Explore the life of Paul Robeson, one of Rutgers’s most distinguished alumni and a true renaissance man, through a unique collection of archival records, documents, photographs, and memorabilia supported by Special Collections and University Archives, Rutgers University Libraries. Trace the contours of Paul Robeson's remarkable life growing up in New Jersey through the lens of his illustrious careers as actor and singer as well as his outspoken global activism as a champion of equality and humanity throughout the world. While the exhibition will cover his entire life and career, it places particular emphasis on Robeson’s early years within the context of the black experience in New Jersey, his time “on the banks,” and his early career in New York City during the Harlem Renaissance. It will be exhibited through September 6, 2019, and is open to all.
Community members across Rutgers and New Brunswick are invited to the play honoring Paul Robeson's tremendous achievements and his often complicated life. Find out more about showtimes, seat availability, and purchasing tickets, by visiting the events calendar of the New Brunswick Performing Arts Center.
Embrace Paul Robeson as an activist and a musician in this celebration sponsored by the Rutgers Departments of English, Women's and Gender Studies, and American Studies. This event will feature a lecture by Shana L. Redmond, the author of the forthcoming book, Everything Man: The Form and Function of Paul Robeson, as well as a musical performance of some of Robeson's best known compositions. All are welcome and there will be a reception to follow.
Click here to learn more about the upcoming publication, Everything Man: The Form and Function of Paul Robeson.
This celebration of Paul Robeson's life, influence, and impact during the Harlem Renaissance will feature: Dr. Kara Johnson, Associate Dean of Rutgers School of Arts and Sciences, as the event presenter; special guests from Robeson's family; the Paul Robeson Centennial Committee; the mayors of New Brunswick, Piscataway, and Westfield; and student representation from Cap and Skull, Phi Beta Kappa, Paul Robeson Scholars, Africana Studies, Paul Robeson Leadership Academy, and Alpha Phi Alpha. Additionally, the Mason Gross Student Jazz Ensemble will be providing the music for this event. All students as well as members of both the Rutgers and local communities are welcome. Registration will be required and limited to 100 attendees -- additional information regarding registration will follow shortly.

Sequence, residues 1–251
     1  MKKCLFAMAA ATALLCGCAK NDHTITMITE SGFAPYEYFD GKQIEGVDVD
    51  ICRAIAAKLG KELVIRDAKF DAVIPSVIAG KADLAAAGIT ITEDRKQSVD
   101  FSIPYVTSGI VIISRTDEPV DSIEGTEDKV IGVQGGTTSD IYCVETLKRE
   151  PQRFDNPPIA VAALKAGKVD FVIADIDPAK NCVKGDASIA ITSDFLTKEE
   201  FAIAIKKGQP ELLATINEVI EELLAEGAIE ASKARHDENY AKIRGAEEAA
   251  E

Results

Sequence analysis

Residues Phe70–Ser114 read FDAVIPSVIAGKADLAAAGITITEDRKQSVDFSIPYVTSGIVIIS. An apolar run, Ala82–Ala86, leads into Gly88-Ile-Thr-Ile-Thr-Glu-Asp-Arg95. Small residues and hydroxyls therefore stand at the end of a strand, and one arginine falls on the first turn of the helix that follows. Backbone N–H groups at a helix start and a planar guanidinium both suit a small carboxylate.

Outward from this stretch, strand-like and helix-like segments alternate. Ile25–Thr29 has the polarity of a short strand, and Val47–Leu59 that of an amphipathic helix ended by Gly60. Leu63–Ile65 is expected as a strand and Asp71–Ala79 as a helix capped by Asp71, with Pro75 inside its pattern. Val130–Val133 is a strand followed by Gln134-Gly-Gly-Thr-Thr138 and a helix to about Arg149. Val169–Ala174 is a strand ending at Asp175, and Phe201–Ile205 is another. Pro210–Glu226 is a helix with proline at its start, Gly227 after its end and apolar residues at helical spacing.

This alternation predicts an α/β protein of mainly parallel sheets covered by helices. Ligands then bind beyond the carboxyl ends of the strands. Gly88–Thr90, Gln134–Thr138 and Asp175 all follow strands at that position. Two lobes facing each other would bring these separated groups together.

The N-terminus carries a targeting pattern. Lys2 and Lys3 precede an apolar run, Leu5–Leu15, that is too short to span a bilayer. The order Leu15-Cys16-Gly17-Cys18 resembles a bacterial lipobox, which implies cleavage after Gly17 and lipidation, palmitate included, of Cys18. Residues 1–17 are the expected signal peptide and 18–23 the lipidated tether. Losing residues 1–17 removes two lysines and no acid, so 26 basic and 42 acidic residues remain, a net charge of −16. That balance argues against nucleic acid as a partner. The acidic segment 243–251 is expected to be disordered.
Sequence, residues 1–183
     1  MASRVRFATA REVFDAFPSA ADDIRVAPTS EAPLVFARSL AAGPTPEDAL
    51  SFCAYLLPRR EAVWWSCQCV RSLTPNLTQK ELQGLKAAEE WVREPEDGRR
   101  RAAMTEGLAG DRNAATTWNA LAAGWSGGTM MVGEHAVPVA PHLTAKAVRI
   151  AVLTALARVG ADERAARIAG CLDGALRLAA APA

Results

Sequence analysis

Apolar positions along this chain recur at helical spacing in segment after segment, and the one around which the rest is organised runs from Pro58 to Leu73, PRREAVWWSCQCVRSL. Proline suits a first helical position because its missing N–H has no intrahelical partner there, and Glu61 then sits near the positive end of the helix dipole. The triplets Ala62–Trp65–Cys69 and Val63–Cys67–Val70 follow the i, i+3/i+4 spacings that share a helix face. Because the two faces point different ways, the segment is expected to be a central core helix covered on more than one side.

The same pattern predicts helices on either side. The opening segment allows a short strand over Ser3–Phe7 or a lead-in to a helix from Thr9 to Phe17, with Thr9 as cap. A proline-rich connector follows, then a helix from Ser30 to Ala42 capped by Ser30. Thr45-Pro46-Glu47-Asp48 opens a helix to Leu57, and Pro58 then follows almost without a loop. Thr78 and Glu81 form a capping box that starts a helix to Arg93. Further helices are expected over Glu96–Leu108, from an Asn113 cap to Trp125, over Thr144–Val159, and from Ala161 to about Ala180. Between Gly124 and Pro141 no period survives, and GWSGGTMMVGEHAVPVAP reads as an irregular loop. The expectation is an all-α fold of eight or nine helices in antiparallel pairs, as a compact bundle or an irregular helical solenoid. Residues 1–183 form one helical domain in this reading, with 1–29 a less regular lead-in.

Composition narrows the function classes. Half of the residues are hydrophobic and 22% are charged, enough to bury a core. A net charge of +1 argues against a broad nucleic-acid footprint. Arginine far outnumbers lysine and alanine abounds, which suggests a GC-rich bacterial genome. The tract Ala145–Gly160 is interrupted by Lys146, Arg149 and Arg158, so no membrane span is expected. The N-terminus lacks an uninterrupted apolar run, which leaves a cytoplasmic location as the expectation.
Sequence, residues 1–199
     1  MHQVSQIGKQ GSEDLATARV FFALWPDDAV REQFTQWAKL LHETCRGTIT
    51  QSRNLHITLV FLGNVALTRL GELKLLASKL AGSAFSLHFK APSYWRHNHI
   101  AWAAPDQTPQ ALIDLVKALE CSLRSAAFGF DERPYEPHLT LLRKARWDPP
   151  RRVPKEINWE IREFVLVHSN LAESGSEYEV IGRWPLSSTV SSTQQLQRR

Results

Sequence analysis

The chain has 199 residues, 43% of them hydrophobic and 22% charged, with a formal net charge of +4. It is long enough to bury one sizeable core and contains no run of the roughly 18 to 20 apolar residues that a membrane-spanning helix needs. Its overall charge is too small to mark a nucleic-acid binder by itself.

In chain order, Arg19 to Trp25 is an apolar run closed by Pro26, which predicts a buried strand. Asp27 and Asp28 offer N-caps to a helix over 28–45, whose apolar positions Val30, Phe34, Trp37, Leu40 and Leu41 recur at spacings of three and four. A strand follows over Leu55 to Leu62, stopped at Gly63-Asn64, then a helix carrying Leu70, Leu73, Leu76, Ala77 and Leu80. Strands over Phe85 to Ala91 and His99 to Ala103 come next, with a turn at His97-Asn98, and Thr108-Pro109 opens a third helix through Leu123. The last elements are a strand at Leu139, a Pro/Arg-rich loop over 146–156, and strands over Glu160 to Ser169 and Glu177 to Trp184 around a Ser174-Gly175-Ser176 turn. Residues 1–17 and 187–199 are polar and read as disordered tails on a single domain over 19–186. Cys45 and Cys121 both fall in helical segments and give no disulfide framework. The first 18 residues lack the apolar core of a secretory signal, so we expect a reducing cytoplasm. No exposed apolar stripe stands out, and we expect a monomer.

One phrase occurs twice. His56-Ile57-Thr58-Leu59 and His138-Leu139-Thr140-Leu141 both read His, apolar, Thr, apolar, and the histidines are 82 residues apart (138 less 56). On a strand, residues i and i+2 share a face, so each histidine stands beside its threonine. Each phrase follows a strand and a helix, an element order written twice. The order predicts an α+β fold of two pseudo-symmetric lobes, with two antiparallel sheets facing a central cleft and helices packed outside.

The Rutgers Allen and Joan Bildner Center for the Study of Jewish Life and the departments of Jewish studies and history invite you to explore the lives of the individuals who were central to Paul Robeson's "Negro-Jewish" activism, including members of the Jewish Anti-Fascist Committee, Itzik Feffer and Shlomo Mikhoels. This panel discussion's over-arching theme will emphasize Robeson’s commitment to black-Jewish relations as a model for contemporary cross-ethnic alliances and inter-racial unity. Panelists will include: Professor Tony Michels, University of Wisconsin; public historian, Dr. Jennifer Young; and Professor David Greenberg, Rutgers.
This interactive, two-hour session will begin with students anonymously sharing in writing the challenges that they have experienced as women of color in STEM. These challenges will be grouped thematically during the keynote presentation by self-identified Latina STEMinist, Patricia Valoy, a nationally recognized as a STEM diversity consultant. Following her address, she will engage in a dialogue with audience members, where both she and the participants will collectively generate solutions to the challenges presented. At the end of the session, a short evaluation will be administered to determine if the intended outcomes have been achieved and to provide guidance for future programming. All undergraduate students, graduate students, and post-doctoral research associates in STEM, who identify as either women of color or allies, are welcome.
Registration information will follow shortly.